I can become very overwhelmed by the pressure to have a "HAPPY LIFE" everyday. Our days are gentle ones with respect for each others different needs and environments. I am caring for my daughters special needs. It is about micro- management and routines and repetition. It can be lonely in that we live in our own world of prediction and time limits. Our eldest daughter finds socialising very stressful and can feel overwhelmed after 2 hours and the need for some space becomes pressing! I have a different perspective on happieness now celebrating life's simple joy's, continued learning about autism and then sharing that with others, soul nourishing moments for us all, honesty and sometimes saying we feel sad and in need of familiar home comforts. I guess in a way that is has become our kind of happy? To outsiders it may seem an odd and dull way to live? But that is how it is for now and it has to be ok and we do have lots of fun and laughs along the way. A different kind of happy in a our world of accepting difference with open hearts, minds and an endless supply of unconditional love!

Aspergers and me

The more I read about Aspergers to understand about my beautiful daughters, I have to say there are many similarities about myself and some of the diagnostic signs etc. I have always had difficulty socialising in a group of people. I have found this to be more than just shyness and it has held me back many times from many work and social opportunities. I am still trying to come to terms with the possibilty I may have Aspergers and how this may of influenced my choices/decisions etc. Why I do not have so many close friendships and find belonging to groups totally terrifying?!! Public speaking is impossible, unless I am speaking about autism? I have also found it very comfortable to communicate using blogging rather than talking, as I find I get side tracked in speech or quite often my mind goes blank. I also think very much in coloured images and have a great eye for detail. I also find it very hard to speak up for myself, but always jump straight in to help anyone where I feel they are being unfairly treated. Processing speech and if someone is rude to me it can often takes a few days for me to beable to respond. Sitting here now I can probably list many more things which may match up to a diagnosis of Aspergers for me? I may leave that to a separate blog which looks into this in more detail in the future? For now I am working things through slowly and trying to be as gentle on myself a possible. I may ask for a diagnosis in the future? My mornings and night times are my worst times for self doubt and overthinking to creep in, but I know this time will pass and so am trusting all will be well soon.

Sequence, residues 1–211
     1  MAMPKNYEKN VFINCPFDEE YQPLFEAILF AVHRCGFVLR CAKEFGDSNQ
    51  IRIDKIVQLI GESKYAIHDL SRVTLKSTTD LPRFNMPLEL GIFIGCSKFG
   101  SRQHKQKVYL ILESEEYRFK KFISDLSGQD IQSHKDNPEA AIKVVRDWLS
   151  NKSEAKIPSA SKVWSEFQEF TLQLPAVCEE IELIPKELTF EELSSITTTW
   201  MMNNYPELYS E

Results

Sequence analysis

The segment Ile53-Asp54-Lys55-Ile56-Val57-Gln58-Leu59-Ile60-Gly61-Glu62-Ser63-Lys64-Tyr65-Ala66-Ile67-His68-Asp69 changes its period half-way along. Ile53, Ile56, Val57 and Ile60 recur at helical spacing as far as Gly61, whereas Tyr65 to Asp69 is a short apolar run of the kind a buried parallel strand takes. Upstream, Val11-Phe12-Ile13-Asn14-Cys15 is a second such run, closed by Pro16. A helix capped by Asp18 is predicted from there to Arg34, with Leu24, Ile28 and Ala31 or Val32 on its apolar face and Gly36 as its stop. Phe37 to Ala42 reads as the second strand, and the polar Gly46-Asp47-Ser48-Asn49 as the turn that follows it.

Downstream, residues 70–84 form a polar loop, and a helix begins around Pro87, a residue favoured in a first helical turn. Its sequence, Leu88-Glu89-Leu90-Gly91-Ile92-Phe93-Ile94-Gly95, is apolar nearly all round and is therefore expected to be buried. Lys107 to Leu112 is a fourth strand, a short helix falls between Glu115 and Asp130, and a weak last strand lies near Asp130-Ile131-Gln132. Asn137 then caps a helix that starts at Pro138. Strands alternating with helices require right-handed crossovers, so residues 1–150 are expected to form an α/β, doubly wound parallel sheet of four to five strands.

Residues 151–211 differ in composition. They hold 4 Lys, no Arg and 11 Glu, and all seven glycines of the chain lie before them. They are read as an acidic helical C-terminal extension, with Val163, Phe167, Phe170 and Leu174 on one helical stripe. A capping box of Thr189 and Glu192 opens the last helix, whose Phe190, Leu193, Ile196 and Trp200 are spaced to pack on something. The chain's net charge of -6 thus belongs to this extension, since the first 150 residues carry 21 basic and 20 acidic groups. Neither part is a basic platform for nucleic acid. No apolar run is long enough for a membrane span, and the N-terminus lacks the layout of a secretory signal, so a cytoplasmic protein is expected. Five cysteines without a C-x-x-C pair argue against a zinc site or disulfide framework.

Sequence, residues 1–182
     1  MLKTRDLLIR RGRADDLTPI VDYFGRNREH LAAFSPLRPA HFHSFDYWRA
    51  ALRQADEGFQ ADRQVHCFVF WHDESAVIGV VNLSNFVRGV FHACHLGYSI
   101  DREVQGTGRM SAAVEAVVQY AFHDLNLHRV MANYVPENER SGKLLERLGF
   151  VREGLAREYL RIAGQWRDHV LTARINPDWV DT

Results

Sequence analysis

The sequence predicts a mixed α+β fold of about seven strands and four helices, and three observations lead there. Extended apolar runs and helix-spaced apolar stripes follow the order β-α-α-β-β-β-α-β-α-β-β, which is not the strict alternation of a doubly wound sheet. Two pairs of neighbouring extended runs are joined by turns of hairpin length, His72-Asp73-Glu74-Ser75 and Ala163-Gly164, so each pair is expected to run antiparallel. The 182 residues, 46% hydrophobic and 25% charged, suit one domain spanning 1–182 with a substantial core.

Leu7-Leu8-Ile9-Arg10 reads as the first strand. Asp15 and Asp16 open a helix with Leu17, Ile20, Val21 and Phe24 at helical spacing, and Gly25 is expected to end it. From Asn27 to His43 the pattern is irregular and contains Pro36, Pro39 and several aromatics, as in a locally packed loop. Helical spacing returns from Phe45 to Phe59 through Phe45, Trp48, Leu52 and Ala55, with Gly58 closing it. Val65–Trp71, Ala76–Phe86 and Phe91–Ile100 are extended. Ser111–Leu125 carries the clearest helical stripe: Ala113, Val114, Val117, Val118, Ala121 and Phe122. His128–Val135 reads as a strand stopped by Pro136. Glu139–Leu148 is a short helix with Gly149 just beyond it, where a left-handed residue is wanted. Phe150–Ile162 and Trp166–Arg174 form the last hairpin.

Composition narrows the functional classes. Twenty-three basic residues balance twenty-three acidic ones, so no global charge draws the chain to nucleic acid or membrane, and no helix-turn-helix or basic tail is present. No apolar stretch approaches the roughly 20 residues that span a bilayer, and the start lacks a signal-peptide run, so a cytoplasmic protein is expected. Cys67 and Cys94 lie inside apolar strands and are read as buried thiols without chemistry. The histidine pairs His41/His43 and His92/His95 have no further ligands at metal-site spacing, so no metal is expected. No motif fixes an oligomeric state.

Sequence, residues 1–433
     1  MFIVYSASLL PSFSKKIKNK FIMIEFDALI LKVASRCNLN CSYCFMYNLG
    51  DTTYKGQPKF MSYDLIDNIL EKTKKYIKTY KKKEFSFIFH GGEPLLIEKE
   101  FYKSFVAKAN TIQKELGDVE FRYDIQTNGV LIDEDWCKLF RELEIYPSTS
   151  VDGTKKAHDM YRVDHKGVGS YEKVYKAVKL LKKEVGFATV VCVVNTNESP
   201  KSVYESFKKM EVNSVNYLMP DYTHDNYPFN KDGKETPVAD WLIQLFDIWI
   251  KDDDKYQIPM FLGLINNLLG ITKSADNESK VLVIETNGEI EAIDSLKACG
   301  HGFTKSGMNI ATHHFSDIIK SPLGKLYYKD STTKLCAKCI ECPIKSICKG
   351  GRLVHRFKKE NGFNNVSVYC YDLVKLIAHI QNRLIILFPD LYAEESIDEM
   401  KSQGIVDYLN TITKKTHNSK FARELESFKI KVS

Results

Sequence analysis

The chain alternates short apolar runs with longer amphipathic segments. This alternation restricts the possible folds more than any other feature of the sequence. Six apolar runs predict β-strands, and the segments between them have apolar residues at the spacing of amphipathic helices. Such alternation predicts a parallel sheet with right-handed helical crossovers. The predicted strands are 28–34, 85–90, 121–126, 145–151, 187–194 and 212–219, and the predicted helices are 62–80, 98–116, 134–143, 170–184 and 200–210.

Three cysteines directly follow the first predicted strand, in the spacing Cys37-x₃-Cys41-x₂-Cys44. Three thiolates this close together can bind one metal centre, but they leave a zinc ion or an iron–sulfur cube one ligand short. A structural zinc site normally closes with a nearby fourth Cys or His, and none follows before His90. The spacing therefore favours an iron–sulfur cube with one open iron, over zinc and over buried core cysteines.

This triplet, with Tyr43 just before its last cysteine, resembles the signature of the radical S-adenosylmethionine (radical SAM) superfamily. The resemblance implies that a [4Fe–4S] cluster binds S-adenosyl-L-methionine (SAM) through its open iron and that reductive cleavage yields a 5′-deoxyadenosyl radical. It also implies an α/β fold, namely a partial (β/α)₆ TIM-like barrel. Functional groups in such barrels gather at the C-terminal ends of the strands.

Merry Christmas and a good New Year

This year I am hoping for simple, peaceful and loving family Christmas and a New Year that brings renewed strength and better provision to help our precious girls find something of a more solid foundation underneath their feet.

Thank you so much for reading my blogs and offering positive comments and also sharing some of my posts.

I will be back blogging next year as our family journey continues to unfold.

Keep warm and keep well. xx

If you'd like to read more of Moira's blog, please visit http://www.collageconnection.blogspot.co.uk/